Our offshore activity to Totem Bight State Historical Park gives us an insight into the cultural beliefs of North America’s indigenous tribes: the Tlingit, Haida, and Tsimshian. Huge totem poles carved from red cedar trees, painted in bright shades of red, yellow, and green, stand tall across the park, depicting animals and plants symbolic of clans or family. The park is also home to a replica of a traditional chieftain’s house, a large wooden structure with a small, low oval door that leads to a square-shaped room with a fire pit in the middle.

House of the village chief at Totem Bight State Historical Park (Radhika Aligh)
House of the village chief at Totem Bight State Historical Park (Radhika Aligh)

Away from culture, visitors can also join the seasoned fishermen for a salmon-catching excursion, or canoe the tranquil waters surrounded by snowcapped mountains. When in Ketchikan, indulge in the freshest seafood at The Alaska Fish House. Located right next to the largest fishing fleet, this restaurant and pub serves crab, fish, corn cakes, and the best salmon chowder in town.


Canada’s seaport city is particularly glorious in the summer and well worth a stopover before or after your cruise. Start the day with a cycle ride or walk inside Stanley Park, British Columbia’s largest public park spanning 405 hectares, surrounded by Burrard Inlet and English Bay. If a more manicured green space is what you desire, then it doesn’t get better than VanDusen Botanical Garden, where flora from around the world is laid out like a beautifully intricate carpet in varying colours and textures.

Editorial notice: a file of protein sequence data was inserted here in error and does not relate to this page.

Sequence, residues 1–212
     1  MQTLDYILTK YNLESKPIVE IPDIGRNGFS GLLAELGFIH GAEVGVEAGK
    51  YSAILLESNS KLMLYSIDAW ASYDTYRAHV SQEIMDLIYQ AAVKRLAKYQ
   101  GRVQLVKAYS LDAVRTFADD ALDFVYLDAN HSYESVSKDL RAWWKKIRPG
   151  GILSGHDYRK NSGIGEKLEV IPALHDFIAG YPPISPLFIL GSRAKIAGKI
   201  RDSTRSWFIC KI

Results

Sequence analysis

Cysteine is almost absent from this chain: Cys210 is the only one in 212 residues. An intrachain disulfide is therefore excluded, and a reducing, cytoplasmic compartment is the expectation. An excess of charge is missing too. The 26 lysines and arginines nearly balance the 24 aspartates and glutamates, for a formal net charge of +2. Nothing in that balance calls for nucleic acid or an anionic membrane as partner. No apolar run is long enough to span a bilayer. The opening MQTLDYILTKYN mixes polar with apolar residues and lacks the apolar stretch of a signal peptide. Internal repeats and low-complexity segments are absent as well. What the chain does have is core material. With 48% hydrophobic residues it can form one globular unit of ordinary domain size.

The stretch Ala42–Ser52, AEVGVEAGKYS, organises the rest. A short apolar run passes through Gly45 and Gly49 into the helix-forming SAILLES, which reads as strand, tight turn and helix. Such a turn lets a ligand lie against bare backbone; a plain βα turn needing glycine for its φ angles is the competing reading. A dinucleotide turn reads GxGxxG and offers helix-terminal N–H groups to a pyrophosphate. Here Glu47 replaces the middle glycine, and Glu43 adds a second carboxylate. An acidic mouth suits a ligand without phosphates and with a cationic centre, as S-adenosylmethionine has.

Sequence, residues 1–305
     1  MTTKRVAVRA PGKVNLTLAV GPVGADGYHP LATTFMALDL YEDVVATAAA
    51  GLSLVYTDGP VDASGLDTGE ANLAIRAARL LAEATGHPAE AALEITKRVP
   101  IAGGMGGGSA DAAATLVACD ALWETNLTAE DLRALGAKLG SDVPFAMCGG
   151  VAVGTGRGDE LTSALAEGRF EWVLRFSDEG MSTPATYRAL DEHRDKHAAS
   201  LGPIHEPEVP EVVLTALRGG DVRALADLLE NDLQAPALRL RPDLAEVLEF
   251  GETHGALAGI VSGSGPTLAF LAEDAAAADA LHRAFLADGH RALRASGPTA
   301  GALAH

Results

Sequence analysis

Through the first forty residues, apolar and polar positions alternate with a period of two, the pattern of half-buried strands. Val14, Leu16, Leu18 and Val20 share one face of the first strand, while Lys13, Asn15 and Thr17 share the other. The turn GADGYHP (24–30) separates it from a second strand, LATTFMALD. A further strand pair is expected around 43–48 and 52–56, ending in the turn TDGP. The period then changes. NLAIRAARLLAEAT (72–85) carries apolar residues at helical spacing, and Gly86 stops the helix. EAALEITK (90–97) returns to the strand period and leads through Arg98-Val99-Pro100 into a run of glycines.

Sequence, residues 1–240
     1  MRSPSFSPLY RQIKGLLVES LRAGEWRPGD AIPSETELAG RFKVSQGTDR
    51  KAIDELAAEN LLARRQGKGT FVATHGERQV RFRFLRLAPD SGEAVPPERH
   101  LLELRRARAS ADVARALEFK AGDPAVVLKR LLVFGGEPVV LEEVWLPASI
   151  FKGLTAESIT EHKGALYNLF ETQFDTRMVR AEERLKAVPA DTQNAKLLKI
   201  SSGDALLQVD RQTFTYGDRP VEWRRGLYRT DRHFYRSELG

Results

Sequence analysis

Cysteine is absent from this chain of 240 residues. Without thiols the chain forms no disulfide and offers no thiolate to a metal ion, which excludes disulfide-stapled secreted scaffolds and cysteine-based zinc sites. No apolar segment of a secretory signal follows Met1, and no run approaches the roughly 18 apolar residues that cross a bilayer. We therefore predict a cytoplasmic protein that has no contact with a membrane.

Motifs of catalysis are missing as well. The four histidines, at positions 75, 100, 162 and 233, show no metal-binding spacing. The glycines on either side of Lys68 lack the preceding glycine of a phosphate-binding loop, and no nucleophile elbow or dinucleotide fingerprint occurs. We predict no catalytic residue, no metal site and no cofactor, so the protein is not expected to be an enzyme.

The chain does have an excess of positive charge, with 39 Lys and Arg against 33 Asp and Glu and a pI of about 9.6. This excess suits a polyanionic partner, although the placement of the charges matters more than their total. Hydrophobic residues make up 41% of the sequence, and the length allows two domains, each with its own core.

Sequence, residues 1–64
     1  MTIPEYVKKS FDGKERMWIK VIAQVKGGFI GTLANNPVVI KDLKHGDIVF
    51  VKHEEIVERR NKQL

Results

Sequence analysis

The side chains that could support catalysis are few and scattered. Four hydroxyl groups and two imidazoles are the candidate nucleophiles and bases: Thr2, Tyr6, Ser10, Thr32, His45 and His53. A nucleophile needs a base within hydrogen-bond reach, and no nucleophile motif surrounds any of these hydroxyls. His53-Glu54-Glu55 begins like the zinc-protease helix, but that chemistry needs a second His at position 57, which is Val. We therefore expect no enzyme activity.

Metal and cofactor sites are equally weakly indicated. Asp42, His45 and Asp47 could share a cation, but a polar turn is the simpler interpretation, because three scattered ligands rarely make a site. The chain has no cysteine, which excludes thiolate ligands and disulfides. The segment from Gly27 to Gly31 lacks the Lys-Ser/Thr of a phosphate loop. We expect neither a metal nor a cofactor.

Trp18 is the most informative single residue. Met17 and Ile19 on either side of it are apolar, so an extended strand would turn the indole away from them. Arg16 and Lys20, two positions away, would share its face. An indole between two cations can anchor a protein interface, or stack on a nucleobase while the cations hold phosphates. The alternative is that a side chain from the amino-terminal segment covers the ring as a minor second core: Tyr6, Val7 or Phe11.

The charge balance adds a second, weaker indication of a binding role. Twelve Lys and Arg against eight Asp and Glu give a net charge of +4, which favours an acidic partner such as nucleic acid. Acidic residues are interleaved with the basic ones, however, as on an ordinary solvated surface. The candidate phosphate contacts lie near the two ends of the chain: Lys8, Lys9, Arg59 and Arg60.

Another favourite with the locals, particularly in the evenings and weekends, is Granville Island. Despite its name, it’s not actually an island but a peninsula situated across False Creek from downtown Vancouver. It’s known for its unique blend of arts, culture, shopping, dining, and entertainment options. Tuck into some fresh lobster rolls, sample a range of delicious delicacies at the Public Market, and end your day with a pint (or a few) at Granville Island Brewing. Its graffiti-clad walls, plastered in vibrant colours, showcase work by local artists, and the open spaces are often occupied by buskers playing upbeat tunes.

Vancouver is surrounded by lush green mountains and getting there takes no more than 20 minutes. Escape to Capilano Suspension Bridge, a family-friendly park immersed in nature. You’ll learn about the history of the area before wobbling your way through a very long (and shaky) bridge that leads to a rainforest canopy. Several walkways guide you through the tall spruce trees providing much-needed shade and cool on a scorching day.

Ten minutes away, Grouse Mountain is an adrenaline-fuelled experience of a different kind. A gondola takes you to the top of the mountain (or you can hike), looking down at remarkable views of Vancouver. On top, grizzly bears, eagles, and a lumberjack show await or you can take a ski lift to go even higher. Away from the hustle and bustle of the city, these locations are what makes British Columbia so special: nature, wildlife, and tranquility.

If you’re looking for a stylish place to rest your feet at the end of the day, look no further than the DOUGLAS. Tucked away from the noisy part of downtown, this slick property, located next to JW Marriot, provides privacy, comfort, a great nightclub, and a casino all in one location. Rooms are spacious, contemporary in design, and come with large windows flooding the space with light.


A full schedule of Holland America Line’s seven-day Alaska Inside Passage cruise can be found here. Inside staterooms start at £1,279 per person, based on double occupancy including Have It All Early Booking Bonus (inclusive of one shore excursion per guest (up to $100), one specialty dining, an elite beverage package, wifi premium package, and included crew appreciation gratuity);

Stays at Autograph Collection’s the DOUGLAS start from £200 per night excluding breakfast;